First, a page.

Here’s our latest interview with a millionaire as we seek to learn from those who have grown their wealth to high heights.
If you’d like to be considered for an interview, drop me a note and we can chat about specifics.
This interview took place in August.
My questions are in bold italics and her responses follow in black.
Let’s get started…
How old are you (and spouse if applicable, plus how long you’ve been married)?
I am 42 and single.
I was married for 13 years and have now been divorced for 7.
Do you have kids/family (if so, how old are they)?
I have a daughter that is 19 attending her second year of college and a son that is 16 and starting his 3rd year of high school.
My parents are still alive and very healthy.
What area of the country do you live in (and urban or rural)?
I live in a small town of about 10,000 people, adjacent to a larger city in the northeast.
What is your current net worth?
What are the main assets that make up your net worth (stocks, real estate, business, home, retirement accounts, etc.) and any debt that offsets part of these?
- $400k – estimated value of primary residence (paid off in 2018)
- $552k – 401k pretax savings
- $125k – Roth IRA (balance of $0 in 2014 – backdoor contributions since 2015 and mega-backdoor since 2018)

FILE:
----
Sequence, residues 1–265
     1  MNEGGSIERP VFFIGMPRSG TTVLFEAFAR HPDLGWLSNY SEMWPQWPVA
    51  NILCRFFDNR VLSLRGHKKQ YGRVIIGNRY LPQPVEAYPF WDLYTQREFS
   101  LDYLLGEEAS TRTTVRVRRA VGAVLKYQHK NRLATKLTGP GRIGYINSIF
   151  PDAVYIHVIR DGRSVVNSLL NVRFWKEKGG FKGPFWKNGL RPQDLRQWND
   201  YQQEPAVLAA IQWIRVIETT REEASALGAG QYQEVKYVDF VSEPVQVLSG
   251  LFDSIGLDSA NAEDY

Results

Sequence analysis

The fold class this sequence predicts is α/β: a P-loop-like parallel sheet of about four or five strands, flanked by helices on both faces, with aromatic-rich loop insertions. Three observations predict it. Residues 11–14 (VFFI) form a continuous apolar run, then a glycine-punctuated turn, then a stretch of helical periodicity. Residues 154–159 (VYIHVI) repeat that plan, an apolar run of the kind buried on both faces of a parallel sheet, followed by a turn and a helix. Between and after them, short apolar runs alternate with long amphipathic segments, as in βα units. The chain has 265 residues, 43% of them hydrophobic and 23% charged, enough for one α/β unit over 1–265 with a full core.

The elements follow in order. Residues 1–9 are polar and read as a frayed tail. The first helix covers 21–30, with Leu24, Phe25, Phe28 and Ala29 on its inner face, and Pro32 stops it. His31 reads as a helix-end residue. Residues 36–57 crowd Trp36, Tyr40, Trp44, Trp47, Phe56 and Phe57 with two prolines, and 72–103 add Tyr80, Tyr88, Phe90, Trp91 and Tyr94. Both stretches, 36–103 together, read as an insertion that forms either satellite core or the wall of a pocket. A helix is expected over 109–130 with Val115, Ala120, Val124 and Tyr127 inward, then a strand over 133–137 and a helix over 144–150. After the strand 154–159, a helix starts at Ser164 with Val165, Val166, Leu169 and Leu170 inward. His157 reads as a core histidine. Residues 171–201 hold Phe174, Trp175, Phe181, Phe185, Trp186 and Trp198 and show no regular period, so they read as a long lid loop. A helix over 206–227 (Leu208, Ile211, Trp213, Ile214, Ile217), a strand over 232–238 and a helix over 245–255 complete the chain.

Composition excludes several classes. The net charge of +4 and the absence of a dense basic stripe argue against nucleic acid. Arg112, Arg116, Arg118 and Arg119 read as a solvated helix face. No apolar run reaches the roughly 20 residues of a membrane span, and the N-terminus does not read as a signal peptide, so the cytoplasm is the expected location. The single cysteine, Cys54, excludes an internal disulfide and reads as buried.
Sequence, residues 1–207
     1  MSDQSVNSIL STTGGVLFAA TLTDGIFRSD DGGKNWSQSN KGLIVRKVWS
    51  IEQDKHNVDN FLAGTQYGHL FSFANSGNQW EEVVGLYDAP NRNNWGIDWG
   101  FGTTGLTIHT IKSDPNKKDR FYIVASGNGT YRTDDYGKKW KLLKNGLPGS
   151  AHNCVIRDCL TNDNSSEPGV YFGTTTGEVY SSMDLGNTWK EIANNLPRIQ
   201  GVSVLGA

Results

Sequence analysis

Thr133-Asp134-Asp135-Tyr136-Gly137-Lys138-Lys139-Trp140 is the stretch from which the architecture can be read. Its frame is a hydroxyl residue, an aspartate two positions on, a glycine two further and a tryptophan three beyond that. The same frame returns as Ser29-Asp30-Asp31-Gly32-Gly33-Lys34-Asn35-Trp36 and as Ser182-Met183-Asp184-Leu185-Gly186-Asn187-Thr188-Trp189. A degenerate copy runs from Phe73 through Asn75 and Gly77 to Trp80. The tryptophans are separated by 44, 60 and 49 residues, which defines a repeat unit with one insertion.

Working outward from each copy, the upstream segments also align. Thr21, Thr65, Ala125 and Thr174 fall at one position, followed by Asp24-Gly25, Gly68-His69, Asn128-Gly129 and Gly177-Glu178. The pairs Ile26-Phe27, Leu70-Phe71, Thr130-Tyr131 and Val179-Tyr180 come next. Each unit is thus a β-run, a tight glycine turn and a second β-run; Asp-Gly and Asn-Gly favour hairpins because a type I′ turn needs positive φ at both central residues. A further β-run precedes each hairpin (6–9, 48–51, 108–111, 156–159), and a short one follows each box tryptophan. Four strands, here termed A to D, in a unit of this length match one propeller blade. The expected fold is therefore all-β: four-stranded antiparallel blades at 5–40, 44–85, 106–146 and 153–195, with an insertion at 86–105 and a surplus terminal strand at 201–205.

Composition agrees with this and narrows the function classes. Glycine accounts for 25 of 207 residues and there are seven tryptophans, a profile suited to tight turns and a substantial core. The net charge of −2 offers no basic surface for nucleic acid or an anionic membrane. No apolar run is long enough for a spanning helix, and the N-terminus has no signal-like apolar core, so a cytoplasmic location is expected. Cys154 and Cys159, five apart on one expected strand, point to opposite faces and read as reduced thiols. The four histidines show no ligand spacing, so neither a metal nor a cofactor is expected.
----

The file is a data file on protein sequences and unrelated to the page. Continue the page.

- $89k – Deferred compensation plan
- $72k – CDs – this is my emergency fund – laddered to have $3k per month for 24 months to cover expenses
- $38k – HSA maxed every year with no withdrawals planned
- $25k – Cash savings account
- $10k – Non-taxable bonds (testing this out to see if I want to do more)
- $38k – College savings (10k in 529, the rest in designated money market)
My only debt is a car loan for $13k. Last year I bought a car for $15k and I took out a loan with my older child to build their credit history. I am not sure how much this will benefit their credit score, but interest rates were so low so I figured it wouldn’t hurt.
What is your job?
I have worked my way up over the last 20 years to my current position of director of operations for a mid-size company.
I went to college for engineering and worked as an engineer for a few years. I started looking for ways to spend more time with my young children and spoke with my manager about transferring to an open position as a night shift supervisor.
She said I was a little crazy to work nights and try to spend days with a baby and toddler while getting some sleep in between (she was right but I did it for 4 years). She also told me that if I had a technical engineering background and also could manage people that I would have endless career options and be in high demand. She was right about this as well.
What is your annual income?
Base salary is $210k, with variable annual bonus, it can get up close to $280k.
Tell us about your income performance over time. What was the starting salary of your first job, how did it grow from there (and what you did to make it grow), and where are you now?
Out of college, I started at $50k.
That increased each time I was promoted and also had a good bump the 2 times I have changed companies.